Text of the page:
Alibi V.24 No.37 • Sept 10-16, 2015 

Show Up!

Dancing Toward Deliverance

Four oceanic outings

She is benediction/ She is addicted to thee/ She is the root connection/ She is connecting with he/ Here I go and I don't know why/ I flow so ceaselessly/ Could it be he's taking over me?/ I'm dancing barefoot/ Headin' for a spin/ Some strange music draws me in/ Makes me come on like some heroine … She is re-creation/ She intoxicated by thee/ She has the slow sensation that/ He is levitating with she/ Here I go when I don't know why/ I spin so ceaselessly/ 'Til I lose my sense of gravity/ I'm dancing barefoot/ In mid-air I spin/ Some strange music draws me in/ Makes me come on like some heroine.”—“Dancing Barefoot” by Patti Smith and Ivan Kral, from the album Wave by the Patti Smith Group.

If I was writing concert previews for the mainstream press, I’d start out with this: Summer’s almost over; you ought to think about getting those boots out and ready for the winter—you wouldn’t want to go barefoot in the kind of weather that’s coming. Thankfully, I’m not writing for the dailies; I’m writing for their alternative. So I begin my weekly tirade thus: Dude have you listened to Wave!? It’s, like, one of the most totally rocking records ever. The pop luster of Todd Rundgren’s production layered sublimely over the poetically punk vocalizations of Patti Smith make for a hell of an album. Don’t even get me started on Ivan Kral’s snaky guitar. Afterwards, I’d find a clever way to transition into the previews like this: some strange music keeps drawing me into another week of amazing Albuquerque concerts. Here I go again.

Thursday

If you’re still craving an endless summer—the point’s not moot here with daytime temperatures still hovering in the eighties—then you should check out the Surf Lords. The band washes ashore at Marble Brewery (111 Marble NW) on Thursday, Sept. 10, after vigorously paddling out to some of the biggest breaks available on the Rio Grande. I’m just kidding about that last part, but it’s true that this band roars like the ocean, making the French saying “Sous les pavés, la plage” take on spectacular meaning when invoked at musical venues in and around the Duke City. Featuring the tidal visions of guitarist/vocalist Tom Chism, the swelling double drum-kits of D.K. Warner and Polo Garcia as well as the ocean-spray sonics of bassist Tracey Lipka, the Surf Lords bring a eternal sense of the stormy sea—complete with beach parties and primal palapas—to their gigs. Their Thursday night show is free to those at least 21 years of age. The water’s just fine and the surf’s in at 7pm.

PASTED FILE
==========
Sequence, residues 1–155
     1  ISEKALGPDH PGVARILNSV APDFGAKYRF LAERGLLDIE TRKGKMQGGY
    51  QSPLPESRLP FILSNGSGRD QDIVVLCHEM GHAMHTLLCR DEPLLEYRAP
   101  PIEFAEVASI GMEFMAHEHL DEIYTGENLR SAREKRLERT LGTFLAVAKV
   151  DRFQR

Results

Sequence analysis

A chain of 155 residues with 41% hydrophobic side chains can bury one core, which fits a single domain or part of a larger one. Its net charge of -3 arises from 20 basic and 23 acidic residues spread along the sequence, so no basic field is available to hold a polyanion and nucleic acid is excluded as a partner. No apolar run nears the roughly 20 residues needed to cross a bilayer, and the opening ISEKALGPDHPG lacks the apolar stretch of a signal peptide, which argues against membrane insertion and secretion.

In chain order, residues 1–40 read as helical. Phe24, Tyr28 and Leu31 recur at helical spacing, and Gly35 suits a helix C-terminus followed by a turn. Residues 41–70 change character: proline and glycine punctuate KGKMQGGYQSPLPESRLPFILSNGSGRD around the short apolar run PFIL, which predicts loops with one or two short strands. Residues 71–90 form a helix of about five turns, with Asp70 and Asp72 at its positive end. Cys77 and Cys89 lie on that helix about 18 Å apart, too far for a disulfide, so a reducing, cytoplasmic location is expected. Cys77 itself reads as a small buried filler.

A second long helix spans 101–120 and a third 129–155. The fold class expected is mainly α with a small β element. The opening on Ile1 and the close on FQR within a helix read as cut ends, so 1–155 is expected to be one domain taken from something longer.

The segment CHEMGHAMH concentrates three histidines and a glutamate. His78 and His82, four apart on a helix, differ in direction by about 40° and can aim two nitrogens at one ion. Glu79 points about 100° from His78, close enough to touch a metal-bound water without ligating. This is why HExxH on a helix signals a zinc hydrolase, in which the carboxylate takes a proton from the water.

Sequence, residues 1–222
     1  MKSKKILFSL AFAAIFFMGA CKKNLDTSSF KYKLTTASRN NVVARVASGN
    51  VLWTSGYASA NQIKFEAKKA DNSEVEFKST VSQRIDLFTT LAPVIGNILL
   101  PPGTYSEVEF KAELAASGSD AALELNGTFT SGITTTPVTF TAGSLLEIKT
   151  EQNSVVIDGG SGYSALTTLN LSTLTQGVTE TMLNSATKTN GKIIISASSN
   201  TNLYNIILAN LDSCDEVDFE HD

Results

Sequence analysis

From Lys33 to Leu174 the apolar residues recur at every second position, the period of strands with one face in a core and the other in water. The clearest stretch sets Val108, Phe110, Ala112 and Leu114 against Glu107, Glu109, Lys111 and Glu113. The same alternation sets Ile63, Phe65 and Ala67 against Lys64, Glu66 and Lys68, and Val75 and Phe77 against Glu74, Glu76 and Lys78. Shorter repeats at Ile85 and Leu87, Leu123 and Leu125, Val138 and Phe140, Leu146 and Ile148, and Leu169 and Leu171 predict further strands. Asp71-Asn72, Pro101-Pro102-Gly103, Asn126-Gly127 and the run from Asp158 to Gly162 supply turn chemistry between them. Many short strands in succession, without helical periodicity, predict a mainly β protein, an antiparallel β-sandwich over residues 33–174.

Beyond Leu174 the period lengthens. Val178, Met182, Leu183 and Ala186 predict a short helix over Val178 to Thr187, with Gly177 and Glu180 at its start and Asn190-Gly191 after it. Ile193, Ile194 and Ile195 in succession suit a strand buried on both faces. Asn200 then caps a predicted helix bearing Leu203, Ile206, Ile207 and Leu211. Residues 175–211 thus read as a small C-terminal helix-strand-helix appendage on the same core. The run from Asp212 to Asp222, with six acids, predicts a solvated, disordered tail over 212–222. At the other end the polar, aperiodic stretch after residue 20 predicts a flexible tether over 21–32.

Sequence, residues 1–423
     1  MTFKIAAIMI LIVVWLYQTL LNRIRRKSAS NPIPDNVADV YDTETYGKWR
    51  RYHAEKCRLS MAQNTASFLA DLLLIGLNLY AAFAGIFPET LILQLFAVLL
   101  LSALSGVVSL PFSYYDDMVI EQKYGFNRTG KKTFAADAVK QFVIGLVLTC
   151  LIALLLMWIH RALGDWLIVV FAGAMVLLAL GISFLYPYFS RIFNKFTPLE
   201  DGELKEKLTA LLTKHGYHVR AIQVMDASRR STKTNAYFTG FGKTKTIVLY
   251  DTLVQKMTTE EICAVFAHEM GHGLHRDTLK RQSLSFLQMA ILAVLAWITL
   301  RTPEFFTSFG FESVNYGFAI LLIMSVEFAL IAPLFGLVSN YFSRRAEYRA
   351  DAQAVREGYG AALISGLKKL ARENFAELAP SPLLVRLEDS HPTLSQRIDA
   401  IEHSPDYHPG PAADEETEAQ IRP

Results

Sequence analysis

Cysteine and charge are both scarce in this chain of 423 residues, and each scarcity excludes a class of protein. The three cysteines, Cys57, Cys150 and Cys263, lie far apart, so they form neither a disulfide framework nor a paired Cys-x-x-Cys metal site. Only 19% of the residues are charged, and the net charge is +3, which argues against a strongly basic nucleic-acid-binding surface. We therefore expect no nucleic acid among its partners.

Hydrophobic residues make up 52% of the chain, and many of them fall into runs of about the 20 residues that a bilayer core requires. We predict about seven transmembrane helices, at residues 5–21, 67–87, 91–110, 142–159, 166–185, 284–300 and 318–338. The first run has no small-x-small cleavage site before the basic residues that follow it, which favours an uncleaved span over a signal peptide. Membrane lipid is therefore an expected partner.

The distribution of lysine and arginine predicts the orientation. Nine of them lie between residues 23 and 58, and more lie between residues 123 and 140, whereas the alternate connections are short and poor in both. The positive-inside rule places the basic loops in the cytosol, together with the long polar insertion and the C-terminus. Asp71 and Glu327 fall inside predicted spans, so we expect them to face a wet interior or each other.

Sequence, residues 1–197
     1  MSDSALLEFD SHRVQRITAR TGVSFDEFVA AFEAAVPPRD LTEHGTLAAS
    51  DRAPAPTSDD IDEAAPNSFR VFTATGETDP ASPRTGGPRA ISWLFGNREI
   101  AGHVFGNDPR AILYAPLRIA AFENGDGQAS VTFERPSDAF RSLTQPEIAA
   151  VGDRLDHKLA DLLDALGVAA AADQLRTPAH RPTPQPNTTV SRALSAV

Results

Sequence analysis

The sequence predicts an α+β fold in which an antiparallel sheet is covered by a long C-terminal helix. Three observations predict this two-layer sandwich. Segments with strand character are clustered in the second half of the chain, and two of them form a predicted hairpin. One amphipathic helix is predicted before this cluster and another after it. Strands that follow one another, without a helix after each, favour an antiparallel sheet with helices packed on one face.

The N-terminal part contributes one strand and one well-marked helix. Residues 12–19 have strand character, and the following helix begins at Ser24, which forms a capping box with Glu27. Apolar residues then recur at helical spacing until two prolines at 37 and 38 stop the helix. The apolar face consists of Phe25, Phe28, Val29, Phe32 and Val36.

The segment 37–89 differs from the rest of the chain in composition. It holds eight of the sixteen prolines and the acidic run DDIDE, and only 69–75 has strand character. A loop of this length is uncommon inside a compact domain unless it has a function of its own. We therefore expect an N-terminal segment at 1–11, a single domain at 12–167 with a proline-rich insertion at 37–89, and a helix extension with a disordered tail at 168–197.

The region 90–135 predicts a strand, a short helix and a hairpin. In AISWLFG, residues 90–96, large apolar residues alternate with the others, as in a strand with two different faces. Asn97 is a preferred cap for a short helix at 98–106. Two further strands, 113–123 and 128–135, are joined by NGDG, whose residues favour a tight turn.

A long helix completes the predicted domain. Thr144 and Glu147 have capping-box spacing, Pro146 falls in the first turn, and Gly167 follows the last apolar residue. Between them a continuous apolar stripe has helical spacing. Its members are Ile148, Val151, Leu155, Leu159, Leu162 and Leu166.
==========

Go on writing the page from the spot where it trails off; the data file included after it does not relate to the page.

Friday

In case that last paragraph got your Francophile tendencies to rise to the surface, follow up on Friday, Sept. 11, with a visit to the Historic El Rey Theater (622 Central SW) for Madeon. He subscribes to a type of EDM called French House that has been widely influential on the other side of the pond and is now finding a place in the hearts and minds of young Americans all over this continent. Madeon, also known as Hugo Pierre Leclercq, brings his collection of MIDI controllers, sophisticated software and other complicated electronic equipment to our little city by the river for a rave-up of the most glorious kind. Of course the dude’s big news on BBC Radio 1. Heck, his collaboration with DeadMau5 first made waves on that segment of the continental airwaves back in 2011 and 2012. Lately the European electro-wizard has concentrated on work with Lady Gaga in addition to designing a web app that allows listeners to infiltrate and remix his recordings to their liking. $20 gets one in to this 18+ flowing summation of post-postmodernism. It all goes down at 8:30 pm.